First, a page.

Shadow Banking: A Dodd-Frank Fail?
In response to the financial crisis of 2008–2009 regulators came down hard on big banks. The Dodd-Frank Wall Street Reform and Consumer Protection Act outlined numerous provisions designed to tightly monitor lending and reduce risks inherent in the U.S. financial system, including new oversight councils, credit agency reforms, and increased capital requirements.
Needless to say, traditional banks beat a path away from consumers and businesses that were deemed a higher risk. Mortgages became harder to get, credit seemed to evaporate, and a loan approval became a rare event reserved for the very lucky and the very few.
Ah, but where there’s a will, there’s a way. Nontraditional lenders lurking in the shadows were ready to make a deal. Enter “shadow banking.”
Shadow banking is an intermediary form of borrowing that provides both credit and capital outside the constraints of the conventional banking system. It is unsupervised lending by hedge funds, money market funds, trading houses, and structured investment vehicles that side-steps regulatory oversight. Shadow banking arose both from the need for credit and the desire for convenience. It is at once a reaction and a response to the arduous post-crisis loan application processes and the sting of credit denial.
Shadow banking has played a critical role in funding businesses and individuals in the wake of the subprime meltdown and is a vital source of capital for the private sector. It has grown an astounding 25% since the Great Recession, with mortgage funding leading the way.
The mortgage market share of shadow banks now accounts for 38% of all home loans. In the FHA market, shadow lending currently originates 75% of loans to less creditworthy borrowers. In the online realm, the nontraditional loan models, digitized interfaces, and automated underwriting of “fintech lending” has increased by 10%.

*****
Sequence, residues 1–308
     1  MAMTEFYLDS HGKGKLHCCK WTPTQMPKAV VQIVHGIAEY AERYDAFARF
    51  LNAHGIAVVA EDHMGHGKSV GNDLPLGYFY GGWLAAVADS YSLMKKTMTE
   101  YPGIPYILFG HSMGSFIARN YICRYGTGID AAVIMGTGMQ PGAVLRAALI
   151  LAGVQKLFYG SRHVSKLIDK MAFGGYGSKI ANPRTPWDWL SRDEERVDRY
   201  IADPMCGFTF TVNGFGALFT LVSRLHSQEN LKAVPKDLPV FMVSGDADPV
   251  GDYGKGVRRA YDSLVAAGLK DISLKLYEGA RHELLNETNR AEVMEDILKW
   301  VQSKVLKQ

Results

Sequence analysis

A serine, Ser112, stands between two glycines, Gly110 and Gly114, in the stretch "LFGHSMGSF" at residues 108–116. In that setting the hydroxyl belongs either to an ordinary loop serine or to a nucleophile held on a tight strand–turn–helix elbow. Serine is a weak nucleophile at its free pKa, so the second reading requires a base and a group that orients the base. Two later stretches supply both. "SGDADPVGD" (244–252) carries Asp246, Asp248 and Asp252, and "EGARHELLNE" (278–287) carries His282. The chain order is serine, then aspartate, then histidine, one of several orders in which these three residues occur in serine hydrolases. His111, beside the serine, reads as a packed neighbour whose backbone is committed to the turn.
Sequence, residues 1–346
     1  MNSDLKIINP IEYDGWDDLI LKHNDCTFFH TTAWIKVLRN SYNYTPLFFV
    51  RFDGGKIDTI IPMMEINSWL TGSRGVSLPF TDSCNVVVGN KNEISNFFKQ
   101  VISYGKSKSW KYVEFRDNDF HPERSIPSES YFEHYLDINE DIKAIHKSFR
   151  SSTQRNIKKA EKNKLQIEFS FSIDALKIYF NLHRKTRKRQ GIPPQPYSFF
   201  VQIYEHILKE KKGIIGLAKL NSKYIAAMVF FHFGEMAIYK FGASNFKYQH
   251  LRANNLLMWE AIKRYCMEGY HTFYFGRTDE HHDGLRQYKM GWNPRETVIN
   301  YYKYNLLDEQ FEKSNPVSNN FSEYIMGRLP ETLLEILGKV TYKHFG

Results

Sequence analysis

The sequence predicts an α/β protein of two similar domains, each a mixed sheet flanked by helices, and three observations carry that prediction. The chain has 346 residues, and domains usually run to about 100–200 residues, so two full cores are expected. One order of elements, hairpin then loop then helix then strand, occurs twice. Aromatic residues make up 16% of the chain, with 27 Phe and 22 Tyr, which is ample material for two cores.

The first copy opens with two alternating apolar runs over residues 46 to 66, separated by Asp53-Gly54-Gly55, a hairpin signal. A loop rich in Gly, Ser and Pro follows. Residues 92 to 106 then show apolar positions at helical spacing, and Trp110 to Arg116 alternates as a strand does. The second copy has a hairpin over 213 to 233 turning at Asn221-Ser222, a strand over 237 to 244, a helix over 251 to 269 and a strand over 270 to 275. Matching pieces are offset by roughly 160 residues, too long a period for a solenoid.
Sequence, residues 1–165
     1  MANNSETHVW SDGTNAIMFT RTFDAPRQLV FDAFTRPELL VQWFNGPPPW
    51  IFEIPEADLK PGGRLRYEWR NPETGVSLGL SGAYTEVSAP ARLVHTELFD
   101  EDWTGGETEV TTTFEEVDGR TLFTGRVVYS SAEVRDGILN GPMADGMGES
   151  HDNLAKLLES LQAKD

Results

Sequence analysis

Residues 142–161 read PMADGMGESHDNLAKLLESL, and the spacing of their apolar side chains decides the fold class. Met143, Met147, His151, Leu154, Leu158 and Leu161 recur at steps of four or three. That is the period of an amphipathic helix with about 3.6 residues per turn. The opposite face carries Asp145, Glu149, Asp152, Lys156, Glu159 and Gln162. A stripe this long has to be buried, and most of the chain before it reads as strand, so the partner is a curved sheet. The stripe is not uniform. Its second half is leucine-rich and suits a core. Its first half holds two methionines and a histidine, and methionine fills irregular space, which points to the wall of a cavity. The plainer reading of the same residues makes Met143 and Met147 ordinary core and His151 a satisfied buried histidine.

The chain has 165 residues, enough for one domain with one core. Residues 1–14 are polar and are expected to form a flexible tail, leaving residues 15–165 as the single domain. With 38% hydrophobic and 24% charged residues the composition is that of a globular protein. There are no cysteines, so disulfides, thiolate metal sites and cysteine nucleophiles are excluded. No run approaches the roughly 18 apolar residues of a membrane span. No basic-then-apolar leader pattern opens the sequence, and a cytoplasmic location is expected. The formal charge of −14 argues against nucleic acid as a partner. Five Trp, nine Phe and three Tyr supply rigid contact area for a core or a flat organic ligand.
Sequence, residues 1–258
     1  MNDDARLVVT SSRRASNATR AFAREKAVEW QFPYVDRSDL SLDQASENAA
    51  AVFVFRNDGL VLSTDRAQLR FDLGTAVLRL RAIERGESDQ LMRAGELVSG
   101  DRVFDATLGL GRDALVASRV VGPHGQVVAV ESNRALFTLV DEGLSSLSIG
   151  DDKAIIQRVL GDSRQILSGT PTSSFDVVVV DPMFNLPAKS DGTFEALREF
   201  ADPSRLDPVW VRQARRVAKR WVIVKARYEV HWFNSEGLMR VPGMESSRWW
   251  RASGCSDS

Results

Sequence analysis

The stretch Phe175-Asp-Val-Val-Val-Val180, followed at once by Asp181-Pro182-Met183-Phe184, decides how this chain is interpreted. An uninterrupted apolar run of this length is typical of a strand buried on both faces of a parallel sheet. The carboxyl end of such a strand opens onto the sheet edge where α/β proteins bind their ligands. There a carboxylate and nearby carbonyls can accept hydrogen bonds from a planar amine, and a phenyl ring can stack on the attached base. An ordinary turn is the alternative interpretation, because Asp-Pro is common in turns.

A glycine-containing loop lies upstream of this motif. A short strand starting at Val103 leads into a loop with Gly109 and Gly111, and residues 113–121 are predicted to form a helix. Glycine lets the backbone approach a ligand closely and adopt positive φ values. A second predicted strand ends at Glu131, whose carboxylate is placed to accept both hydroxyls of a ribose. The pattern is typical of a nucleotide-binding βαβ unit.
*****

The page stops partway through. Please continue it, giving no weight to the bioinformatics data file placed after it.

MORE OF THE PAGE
“Push button. Get mortgage!” Quicken Loans is a titan in the shadow banking sector. It is America’s largest online retail lender and has become the second largest mortgage company in the United States, having grown eight-fold since 2008. Rocket Mortgage, their online loan interface, enables consumers to get a loan decision in minutes.
While there’s little doubt that Dodd-Frank and other reforms dramatically increased the regulatory authority of the federal government, critics maintain that the onerous oversight reduced traditional lending, weakened the economy, and even slowed the recovery. Entities like Quicken Loans filled the lending void left by the post-crisis deluge of rules and regulations impacting everything from mortgages to credit cards, securities to retirement accounts.
But despite providing fast and easy access to heretofore unavailable capital, shadow banking is fraught with risk.
Unregulated lenders have recently increased mortgage offerings to lower-income applicants and penetrated areas of high unemployment and high-risk borrowers. Without clear guidelines, oversight, or controls, the potential for reckless lending looms large.
Since shadow banking accounts for 30% of the worldwide financial system, mass mortgage defaults would impact global investment, international credit, and borrowers around the world. Since shadow banks resell most of the loans they originate to federal agencies like Fannie Mae and Freddie Mac, it would also impact every one of us.
It is perhaps, the ultimate irony. The very regulations and reforms that were supposed to protect consumers and safeguard our banking system have actually driven lending into the shadowy corners of speculative credit. We’ve all seen this movie before—a subprime meltdown, a credit crisis, a real estate crash, foreclosures, stock shock, recession.
If 2008 is about to have a repeat showing, are you prepared?